As with many other European powers, the French have fielded only a limited fleet of UAV (Unmanned Aerial Vehicles) systems to date with a few indigenous, in-development products still in the works. In 1995, the French Air Force committed to the Israeli-born IAI (Israel Aerospace Industries) RQ-5 "Hunter", a prop-driven, unarmed data-collecting air vehicle also endorsed by the United States military. Finding its services useful, French Air Force interest piqued when IAI unveiled its popular "Heron" during 1999. The Heron went on to stock the inventories of several military powers including Israel, India, Germany, Brazil and Turkey. The French Air Force then selected the Heron as its next UAV commitment and, with help from IAI, developed a customized Heron-based solution that became the EADS-sponsored "Harfang". First flight of the new vehicle was on September 9th, 2006 with an introduction in June of 2008. Only four units were procured in all.
The Harfang is categorized as a "Medium-Altitude, Long-Endurance" (MALE) UAV giving it the necessary altitude and range capabilities required for French Air Force operations. As with other UAVs of this class, the Harfang is a remotely-controlled offering utilizing a Ground Control Station (GCS) driven by an operator. The Harfang features a centralized fuselage nacelle housing avionics, mission payload, engine and fuel while its wheeled undercarriage restrict operations to prepared surfaces such as runways. Unlike American Predator UAVs (and similar), the Harfang is not armed and instead used for the reconnaissance/data-collecting role through specialized equipment fitted to the belly/chin areas. This very useful information garnered is then interpreted by ground commanders. The Harfang has a twin-boom configuration with straight wing appendages, very similar in form and function as the Heron while power is served through a single Rotax 914 F series turbocharged engine driving a two-bladed propeller in a "pusher" configuration at the rear of the fuselage nacelle.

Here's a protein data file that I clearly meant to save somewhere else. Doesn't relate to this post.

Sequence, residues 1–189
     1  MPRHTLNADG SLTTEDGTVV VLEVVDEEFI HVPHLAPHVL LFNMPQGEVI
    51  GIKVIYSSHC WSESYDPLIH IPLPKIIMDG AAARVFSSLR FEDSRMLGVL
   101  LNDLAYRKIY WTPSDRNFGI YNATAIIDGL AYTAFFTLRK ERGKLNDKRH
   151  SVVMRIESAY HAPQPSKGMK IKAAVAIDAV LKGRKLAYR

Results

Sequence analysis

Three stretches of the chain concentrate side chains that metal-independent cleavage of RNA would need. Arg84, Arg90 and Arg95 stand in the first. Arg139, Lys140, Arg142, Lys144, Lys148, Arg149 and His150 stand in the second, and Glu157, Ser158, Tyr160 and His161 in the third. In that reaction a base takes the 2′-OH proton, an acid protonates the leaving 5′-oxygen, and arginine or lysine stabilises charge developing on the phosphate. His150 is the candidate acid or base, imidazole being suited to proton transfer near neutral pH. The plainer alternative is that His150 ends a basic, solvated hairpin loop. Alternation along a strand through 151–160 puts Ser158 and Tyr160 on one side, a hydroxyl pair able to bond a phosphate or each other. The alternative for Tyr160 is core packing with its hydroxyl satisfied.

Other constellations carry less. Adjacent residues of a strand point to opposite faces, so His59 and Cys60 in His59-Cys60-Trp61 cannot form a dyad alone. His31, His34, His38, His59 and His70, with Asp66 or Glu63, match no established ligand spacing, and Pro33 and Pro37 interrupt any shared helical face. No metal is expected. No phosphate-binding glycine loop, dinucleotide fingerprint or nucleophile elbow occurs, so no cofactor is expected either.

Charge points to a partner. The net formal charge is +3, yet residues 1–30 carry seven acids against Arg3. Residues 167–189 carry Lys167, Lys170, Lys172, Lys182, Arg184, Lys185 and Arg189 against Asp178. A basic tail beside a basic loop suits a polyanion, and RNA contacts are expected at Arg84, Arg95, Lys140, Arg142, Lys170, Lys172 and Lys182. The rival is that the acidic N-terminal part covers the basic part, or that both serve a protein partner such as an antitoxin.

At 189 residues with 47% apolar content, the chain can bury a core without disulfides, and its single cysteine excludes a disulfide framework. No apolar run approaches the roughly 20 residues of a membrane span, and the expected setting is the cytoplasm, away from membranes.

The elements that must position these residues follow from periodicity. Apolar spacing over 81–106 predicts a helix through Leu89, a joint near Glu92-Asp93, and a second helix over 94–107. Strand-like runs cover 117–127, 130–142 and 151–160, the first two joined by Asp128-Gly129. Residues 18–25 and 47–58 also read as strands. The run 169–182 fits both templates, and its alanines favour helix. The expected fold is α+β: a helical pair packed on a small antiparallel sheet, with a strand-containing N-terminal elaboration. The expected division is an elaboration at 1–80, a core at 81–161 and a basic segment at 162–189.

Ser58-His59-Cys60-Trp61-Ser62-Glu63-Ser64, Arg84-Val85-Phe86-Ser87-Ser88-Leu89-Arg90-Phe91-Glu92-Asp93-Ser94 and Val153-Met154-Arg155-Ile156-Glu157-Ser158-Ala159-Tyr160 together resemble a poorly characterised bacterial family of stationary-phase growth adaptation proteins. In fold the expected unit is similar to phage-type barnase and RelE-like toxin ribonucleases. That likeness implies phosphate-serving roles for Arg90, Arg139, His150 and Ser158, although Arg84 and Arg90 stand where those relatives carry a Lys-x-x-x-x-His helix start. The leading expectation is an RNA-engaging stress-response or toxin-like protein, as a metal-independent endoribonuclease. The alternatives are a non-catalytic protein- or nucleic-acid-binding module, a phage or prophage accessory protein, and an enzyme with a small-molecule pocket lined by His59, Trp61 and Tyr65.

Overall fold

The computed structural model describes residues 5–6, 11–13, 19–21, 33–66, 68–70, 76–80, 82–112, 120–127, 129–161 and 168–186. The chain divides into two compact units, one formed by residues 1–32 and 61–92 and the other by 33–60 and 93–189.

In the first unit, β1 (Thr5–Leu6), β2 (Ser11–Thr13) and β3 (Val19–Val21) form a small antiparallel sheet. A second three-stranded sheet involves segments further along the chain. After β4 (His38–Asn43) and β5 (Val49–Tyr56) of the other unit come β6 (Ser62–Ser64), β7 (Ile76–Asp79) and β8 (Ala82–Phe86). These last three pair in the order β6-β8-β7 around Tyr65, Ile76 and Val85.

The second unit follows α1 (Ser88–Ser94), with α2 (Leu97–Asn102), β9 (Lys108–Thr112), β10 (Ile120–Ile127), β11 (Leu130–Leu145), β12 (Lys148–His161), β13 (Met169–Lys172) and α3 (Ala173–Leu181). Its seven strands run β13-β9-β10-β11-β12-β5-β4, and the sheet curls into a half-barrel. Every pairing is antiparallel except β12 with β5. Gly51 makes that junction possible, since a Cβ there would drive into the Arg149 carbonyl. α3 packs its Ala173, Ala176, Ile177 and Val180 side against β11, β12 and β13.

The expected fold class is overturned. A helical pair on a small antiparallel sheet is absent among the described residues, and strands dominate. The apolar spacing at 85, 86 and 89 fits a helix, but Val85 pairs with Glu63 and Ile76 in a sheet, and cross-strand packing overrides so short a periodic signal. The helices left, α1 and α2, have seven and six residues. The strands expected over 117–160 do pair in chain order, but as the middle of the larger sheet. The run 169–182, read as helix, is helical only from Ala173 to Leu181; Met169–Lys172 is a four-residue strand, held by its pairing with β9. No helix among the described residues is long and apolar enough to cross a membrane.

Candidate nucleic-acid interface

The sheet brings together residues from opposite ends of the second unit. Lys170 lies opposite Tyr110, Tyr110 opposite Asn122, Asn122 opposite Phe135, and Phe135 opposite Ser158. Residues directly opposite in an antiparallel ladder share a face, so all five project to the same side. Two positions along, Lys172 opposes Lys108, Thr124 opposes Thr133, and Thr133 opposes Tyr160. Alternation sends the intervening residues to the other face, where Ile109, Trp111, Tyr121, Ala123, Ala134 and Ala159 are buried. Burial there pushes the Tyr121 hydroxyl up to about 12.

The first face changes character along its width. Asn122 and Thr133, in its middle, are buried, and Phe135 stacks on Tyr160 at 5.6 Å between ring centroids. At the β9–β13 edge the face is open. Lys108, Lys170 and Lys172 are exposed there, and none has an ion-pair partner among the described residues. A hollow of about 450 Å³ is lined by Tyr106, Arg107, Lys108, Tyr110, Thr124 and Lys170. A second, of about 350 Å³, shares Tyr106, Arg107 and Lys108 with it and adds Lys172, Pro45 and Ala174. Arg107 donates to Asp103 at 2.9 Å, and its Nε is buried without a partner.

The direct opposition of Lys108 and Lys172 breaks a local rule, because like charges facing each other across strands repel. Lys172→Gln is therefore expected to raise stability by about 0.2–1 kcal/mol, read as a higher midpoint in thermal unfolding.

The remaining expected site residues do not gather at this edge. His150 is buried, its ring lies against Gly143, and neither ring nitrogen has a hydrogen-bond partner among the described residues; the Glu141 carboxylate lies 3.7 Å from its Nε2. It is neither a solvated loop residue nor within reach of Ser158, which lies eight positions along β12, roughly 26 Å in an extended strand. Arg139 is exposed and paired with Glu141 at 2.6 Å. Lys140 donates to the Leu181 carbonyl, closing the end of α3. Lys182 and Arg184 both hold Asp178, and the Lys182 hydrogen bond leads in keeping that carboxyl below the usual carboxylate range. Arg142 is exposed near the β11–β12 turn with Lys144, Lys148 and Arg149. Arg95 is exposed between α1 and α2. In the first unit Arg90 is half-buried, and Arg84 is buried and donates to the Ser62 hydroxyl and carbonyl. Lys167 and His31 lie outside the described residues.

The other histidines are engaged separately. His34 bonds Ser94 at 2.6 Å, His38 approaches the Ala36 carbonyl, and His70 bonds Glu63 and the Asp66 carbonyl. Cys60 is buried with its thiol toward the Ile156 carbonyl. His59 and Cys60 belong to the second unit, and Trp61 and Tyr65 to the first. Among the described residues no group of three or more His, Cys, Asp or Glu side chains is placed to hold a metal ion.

Manufactured by Malat of Israel, the Harfang is managed through EADS in France.
The Harfang's first notable service was in 2007 where it provided security for the Pope's visit to France. It was then deployed in the Afghanistan Theater in support of the French commitment. Harfangs were also in play during the 2011 Libyan Civil War and have been pressed into service most recently with the French military over Mali against Islamic radicals - driving home the need for more capable UAV systems in the French inventory.
It is said that, as of 2013, the French Air Force has moved to procuring the armed General Atomics MQ-9 "Reaper" series of originating in the United States to replace the outgoing fleet of Harfangs. Training of French Reaper pilots began in late 2013 and the first vehicles have already been delivered to French forces. The Harfangs may then, in turn, be sold to the Moroccan Air Force for extended service lives.